Though hurricane season doesn't start until Thursday, bad weather in the Gulf and Atlantic is already gaining the attention of storm watchers.
According to the National Hurricane Center, a grouping of showers and thunderstorms in the middle of the Gulf of Mexico has a low chance of becoming a tropical depression. The system comes a week after another headed towards the east coast last week.
If a tropical depression does form, it's unlikely that Louisianans will be impacted by it. There's only a 10% chance that it will form over the next two days, and 20% chance it will form over the next seven days. No other systems are expected to form over the next seven days.
The shaded area in the above graphic is not a track, but an area of potential development for a tropical cyclone. Tracks are only made by NHC meteorologists for named storms.
NHC meteorologists say this system may form due to the thunderstorms being in an area of low pressure and having some wind patterns similar to a cyclone. However, chances for a cyclone to form are low partly because the thunderstorms and showers in the system are still disorganized.
Over the next few days, the system is expected to move east towards Florida, potentially reaching the peninsula within the next week, bringing lots of rain and wind gusts whether a depression forms or not. If it keeps this course, it will move out into the Atlantic Ocean by early next week.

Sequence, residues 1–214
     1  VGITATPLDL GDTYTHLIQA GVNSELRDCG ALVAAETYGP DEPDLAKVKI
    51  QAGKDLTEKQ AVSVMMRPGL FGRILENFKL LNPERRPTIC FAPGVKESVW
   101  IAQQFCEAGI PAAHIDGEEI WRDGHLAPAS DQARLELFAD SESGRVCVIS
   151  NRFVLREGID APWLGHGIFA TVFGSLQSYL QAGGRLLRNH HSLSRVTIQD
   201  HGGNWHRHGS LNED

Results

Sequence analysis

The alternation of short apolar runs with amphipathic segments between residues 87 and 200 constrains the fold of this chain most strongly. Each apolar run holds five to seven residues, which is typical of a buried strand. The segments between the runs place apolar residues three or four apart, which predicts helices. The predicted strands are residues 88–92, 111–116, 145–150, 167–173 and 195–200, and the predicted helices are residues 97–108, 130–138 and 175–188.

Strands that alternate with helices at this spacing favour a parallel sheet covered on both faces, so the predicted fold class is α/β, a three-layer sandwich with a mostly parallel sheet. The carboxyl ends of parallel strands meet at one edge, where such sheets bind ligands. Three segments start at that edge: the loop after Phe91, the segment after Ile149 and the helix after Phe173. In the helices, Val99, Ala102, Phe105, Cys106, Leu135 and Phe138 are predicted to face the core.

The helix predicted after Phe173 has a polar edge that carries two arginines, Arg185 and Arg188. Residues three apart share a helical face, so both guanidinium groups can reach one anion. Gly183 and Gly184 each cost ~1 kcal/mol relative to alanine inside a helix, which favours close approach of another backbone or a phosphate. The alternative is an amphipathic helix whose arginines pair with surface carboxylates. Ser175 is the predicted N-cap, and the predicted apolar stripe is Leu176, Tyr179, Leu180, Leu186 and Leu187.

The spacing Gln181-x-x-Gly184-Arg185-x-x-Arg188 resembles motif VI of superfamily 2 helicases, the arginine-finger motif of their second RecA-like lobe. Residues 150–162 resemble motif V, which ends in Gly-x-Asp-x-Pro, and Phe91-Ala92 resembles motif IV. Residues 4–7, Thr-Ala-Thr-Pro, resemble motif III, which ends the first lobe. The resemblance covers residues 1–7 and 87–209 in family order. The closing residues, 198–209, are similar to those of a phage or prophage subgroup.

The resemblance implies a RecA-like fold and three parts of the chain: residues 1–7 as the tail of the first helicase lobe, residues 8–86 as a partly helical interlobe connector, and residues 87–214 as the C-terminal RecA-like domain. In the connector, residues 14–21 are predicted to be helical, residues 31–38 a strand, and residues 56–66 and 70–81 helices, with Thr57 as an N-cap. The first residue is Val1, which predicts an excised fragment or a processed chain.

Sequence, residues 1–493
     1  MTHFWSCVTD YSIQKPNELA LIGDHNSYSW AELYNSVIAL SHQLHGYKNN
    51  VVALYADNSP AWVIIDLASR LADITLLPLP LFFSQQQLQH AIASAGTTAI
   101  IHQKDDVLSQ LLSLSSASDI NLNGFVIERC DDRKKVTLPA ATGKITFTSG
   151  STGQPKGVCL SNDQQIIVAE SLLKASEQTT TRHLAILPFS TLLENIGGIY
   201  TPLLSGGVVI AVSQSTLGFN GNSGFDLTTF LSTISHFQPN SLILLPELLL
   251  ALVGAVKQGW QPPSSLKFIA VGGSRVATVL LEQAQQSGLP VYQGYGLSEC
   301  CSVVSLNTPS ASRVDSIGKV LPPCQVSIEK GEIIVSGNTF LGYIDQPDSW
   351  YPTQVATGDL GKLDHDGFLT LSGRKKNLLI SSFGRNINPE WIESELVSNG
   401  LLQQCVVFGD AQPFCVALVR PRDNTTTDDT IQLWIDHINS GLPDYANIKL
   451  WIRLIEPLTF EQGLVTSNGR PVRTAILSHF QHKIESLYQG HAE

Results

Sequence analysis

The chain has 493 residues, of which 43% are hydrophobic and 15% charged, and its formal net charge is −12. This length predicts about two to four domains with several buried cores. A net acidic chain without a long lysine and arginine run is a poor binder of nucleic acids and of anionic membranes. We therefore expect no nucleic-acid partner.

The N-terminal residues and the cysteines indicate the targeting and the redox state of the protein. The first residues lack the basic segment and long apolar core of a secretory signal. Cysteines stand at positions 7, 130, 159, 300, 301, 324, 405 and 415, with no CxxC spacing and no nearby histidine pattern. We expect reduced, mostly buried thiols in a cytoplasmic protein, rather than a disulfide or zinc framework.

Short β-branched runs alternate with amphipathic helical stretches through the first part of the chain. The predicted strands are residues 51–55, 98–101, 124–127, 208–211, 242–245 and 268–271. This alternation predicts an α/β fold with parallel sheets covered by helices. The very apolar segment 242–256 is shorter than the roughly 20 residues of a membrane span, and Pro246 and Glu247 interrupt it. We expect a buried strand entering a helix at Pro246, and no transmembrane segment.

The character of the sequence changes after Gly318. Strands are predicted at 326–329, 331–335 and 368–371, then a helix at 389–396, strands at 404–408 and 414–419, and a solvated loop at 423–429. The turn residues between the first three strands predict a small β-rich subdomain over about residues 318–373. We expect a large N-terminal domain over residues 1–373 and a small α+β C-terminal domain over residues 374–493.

That means chances are low that Louisiana will be impacted. For New Orleans, there's not much rain expected for the rest of the week, with a 20% chance of thunderstorms Thursday afternoon. This weekend, there's a slight chance for thunderstorms Saturday through Monday.
Hurricane season starts on Thursday and goes through Nov. 30. The NHC has forecast the Atlantic hurricane season to have a near-normal level of activity. On the higher end, this would include up to 17 named storms, nine hurricanes and four major storms.
In their forecast, NHC meteorologists factored in El Niño likely returning later this summer. The El Niño-Southern Oscillation Cycle is a set of weather conditions that changes how much wind shear occurs over the Atlantic and Pacific Oceans every two or so years. When El Niño conditions are present, the wind shear over the Atlantic Ocean makes it harder for hurricanes to form.
If and when one does form, the first tropical storm will be named Arlene. Storms that follow will be named Bret, Cindy, Don and Emily. Here's the full list of this year's storm names.